I love the “life lessons learned” as a participant in athletics. There are so many things one experiences when competing.
Handling the highs and lows, and moving forward. The value of teamwork and dedication, to name just a few. And, of course, the support of others who are dear to you, is so important.
And how about when It becomes, very literally, a family affair. Like when brothers play with brothers, or sisters play with sisters. It’s a deep connection with tradition and history when a son or daughter ends up playing where their father or mother played.
We have seen this wonderful show of tradition and sheer affection for the programs at the University of Wyoming for years. I just think it is so interesting, and a great show of respect, when a next-generation of Cowboys and Cowgirls end up representing Old U-Dub in competition. It’s the same feeling a Wyoming alum gets when a son or daughter attends UW. We see it in all sports at Wyoming, and it’s especially out front and a common occurrence for Wyoming football.
Just last season we enjoyed the senior year of an outstanding Cowboy linebacker, Ty Muma’s son, Chad Muma. Chad would go to the Jacksonville Jaguars in the third round of this year’s NFL Draft.
Cowboy Offensive Tackle, Frank Crum, returns this season for the Cowboys. Frank is a third-generation Wyoming Cowboy. Father Gary and grandfather Earl both wore the Brown and Gold. Jack Walsh, the son of former Cowboy, John Walsh, will suit up for the Pokes this season. Nic Talich enters his first season for the Pokes, the redshirt-freshman linebacker carries on the Talich name. Cory Talich and Jim Talich were outstanding Wyoming linebackers a generation ago.
Many seasons ago, when I first went into the Wyoming Radio Network broadcast booth, a Cowboy linebacker by the name of Tim Gosar was making plays for the Pokes. Gosar was a Pinedale native, a junior that year, and would play his senior season in 1985. The very next season Tim’s younger brother, Gaston, would become a Cowboy, and the next season, in 1987, Pete Gosar would become a Wyoming football player.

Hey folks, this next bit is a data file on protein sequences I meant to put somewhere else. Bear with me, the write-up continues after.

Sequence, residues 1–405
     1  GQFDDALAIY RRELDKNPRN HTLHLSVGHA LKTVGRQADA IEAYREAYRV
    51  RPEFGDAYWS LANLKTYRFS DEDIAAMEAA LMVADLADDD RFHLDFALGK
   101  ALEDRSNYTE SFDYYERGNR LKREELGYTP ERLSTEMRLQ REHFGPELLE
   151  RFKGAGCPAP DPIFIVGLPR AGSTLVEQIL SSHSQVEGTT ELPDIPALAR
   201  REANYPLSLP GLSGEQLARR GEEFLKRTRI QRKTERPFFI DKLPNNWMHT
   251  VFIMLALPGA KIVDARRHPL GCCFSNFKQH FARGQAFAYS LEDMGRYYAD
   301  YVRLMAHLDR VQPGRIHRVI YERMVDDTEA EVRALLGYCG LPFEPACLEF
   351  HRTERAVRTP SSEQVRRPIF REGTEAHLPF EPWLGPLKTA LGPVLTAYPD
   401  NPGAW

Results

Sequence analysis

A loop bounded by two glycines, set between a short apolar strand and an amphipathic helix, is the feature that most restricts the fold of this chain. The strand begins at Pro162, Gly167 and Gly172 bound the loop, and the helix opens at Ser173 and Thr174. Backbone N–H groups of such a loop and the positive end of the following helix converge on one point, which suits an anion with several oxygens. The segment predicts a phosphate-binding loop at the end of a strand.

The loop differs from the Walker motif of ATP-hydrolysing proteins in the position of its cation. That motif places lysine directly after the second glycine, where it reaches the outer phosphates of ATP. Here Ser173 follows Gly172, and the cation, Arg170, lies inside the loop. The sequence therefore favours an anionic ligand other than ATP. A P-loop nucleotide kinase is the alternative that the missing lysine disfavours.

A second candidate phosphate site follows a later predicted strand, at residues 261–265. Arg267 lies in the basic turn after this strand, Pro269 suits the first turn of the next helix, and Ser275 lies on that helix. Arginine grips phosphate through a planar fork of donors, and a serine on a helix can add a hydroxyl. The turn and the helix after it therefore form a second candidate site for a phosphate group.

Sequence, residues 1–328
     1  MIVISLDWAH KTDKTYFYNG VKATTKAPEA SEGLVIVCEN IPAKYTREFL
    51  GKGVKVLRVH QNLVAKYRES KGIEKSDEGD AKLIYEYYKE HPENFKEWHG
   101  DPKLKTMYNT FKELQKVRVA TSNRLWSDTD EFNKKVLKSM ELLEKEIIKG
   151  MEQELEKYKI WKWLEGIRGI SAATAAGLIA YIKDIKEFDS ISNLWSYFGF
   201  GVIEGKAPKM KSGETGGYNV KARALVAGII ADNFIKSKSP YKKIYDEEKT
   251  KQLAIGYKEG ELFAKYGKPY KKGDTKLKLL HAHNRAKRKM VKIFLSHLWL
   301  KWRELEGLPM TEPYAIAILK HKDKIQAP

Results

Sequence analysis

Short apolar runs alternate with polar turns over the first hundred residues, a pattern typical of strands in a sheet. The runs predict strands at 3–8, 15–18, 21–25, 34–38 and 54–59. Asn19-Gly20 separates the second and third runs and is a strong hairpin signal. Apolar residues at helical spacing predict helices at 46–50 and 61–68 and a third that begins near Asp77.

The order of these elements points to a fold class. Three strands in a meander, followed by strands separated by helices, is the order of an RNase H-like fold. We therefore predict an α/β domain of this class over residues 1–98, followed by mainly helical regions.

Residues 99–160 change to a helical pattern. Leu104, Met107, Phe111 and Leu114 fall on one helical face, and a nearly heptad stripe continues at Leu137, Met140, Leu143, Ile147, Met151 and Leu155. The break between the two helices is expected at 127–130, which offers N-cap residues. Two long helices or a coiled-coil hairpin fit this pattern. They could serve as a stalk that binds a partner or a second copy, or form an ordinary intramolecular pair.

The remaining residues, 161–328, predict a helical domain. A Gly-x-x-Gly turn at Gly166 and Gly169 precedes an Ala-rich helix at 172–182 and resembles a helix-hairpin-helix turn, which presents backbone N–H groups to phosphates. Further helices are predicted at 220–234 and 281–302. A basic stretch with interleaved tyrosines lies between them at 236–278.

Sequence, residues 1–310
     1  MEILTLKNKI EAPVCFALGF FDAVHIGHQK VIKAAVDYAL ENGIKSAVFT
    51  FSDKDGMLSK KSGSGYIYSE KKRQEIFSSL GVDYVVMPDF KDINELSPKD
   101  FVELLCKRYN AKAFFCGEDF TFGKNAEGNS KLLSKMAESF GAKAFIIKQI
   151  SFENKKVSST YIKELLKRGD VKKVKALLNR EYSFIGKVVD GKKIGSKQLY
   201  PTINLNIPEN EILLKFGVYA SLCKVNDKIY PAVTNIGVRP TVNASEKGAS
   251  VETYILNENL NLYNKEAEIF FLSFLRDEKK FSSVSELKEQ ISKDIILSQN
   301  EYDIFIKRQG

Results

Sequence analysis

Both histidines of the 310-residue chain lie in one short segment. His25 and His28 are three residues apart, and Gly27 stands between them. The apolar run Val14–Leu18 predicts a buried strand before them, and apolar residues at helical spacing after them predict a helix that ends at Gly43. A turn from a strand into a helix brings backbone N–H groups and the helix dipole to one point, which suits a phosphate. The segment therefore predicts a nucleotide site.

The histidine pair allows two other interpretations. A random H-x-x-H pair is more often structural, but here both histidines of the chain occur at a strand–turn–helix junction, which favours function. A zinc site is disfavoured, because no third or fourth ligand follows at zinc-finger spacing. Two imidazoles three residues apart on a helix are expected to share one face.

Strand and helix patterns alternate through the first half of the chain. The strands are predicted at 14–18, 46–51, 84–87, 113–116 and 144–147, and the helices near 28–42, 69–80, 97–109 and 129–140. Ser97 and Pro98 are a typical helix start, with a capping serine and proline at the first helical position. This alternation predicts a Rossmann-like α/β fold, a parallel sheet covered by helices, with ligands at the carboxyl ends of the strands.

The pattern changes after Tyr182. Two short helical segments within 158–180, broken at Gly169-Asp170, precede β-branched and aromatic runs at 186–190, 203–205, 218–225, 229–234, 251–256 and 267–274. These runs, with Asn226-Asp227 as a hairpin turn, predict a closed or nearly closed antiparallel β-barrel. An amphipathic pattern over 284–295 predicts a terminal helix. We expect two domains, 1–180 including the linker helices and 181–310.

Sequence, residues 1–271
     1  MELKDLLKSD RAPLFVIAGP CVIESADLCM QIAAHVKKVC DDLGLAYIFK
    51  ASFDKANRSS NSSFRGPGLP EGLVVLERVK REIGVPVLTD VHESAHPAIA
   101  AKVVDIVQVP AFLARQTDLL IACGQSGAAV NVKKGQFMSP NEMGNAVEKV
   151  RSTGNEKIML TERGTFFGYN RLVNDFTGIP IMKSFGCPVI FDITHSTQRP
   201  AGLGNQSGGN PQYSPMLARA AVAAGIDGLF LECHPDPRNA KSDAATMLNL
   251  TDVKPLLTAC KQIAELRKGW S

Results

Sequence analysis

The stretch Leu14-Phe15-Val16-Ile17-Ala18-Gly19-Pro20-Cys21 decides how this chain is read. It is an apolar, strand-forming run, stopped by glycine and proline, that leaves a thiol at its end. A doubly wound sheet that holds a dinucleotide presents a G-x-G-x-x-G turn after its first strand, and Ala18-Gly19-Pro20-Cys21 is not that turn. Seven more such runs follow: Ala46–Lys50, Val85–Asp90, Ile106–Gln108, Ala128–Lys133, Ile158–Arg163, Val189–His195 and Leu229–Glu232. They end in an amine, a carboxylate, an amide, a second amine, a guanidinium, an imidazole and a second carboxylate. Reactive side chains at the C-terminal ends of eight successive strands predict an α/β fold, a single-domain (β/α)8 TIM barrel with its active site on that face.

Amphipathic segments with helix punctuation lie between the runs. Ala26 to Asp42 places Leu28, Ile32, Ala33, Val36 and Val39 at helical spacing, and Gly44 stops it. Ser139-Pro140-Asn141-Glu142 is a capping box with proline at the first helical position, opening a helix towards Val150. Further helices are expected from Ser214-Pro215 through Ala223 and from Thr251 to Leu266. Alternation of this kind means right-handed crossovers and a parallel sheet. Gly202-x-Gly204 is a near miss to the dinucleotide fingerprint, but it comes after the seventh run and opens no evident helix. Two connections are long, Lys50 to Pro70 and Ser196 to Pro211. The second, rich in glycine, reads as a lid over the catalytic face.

Tim was the first of three Gosar brothers to play for the Cowboys. Gaston and Pete would play together on the same Cowboy football teams for two years. It was back then when the Gosars performed so well for the Cowboys, and Pinedale became “Linebacker City”.
About that same time, in the mid-1980’s, the Earl brothers, Craig and Sam, from Rawlins were playing for the Cowboys. Jim and Marty Eliopulos, brothers from Cheyenne, were Cowboy linebackers in the 1980s Jim and Marty’s Dad, Alex, wrestled at Wyoming.
About a decade later, right at the turn of the century and the new millennium, a pair of Wyoming locals, who happened to be brothers, were playing Cowboy football together. They, like the Gosar brothers, played the same position. The two brothers from Wheatland played quarterback, and played it well.
First came Casey in the year 2000. His younger brother, Corey, would letter for the Pokes in 2002, and would serve as Casey’s back-up for two seasons.
And a Bramlet would hold down the starting quarterback job through the 2005 season. Casey and Corey Bramlet would both be named “captains” their junior and senior seasons. Casey Bramlet still holds Cowboy career passing records for yards, attempts, and completions. He threw for 9,684 yards, was a sixth-round pick of the Cincinnati Bengals in the 2004 NFL Draft and would play four seasons in the NFL with the Bengals, the Atlanta Falcons and the Miami Dolphins.
Of course, this display of tradition and loyalty within families has been going on for as long as Cowboy Football has been played. The renowned Simpson family has been represented. Father Milward Simpson was a senior on the Cowboy Football team in 1920. The former Wyoming governor’s son, Alan, lettered for the Pokes in 1952.
Over the years there has been a so-called “passing of the torch” by many. I suppose it’s somewhat natural to become a fan as a youngster of the school and team that your mother or father or sister or brother attended and played for. And it’s very natural to want to compete for the Cowboys and Cowgirls if your mom or dad or sister or brother did.
It’s very much a team effort, a family effort, when it comes to carrying on the family name in the Brown and Gold.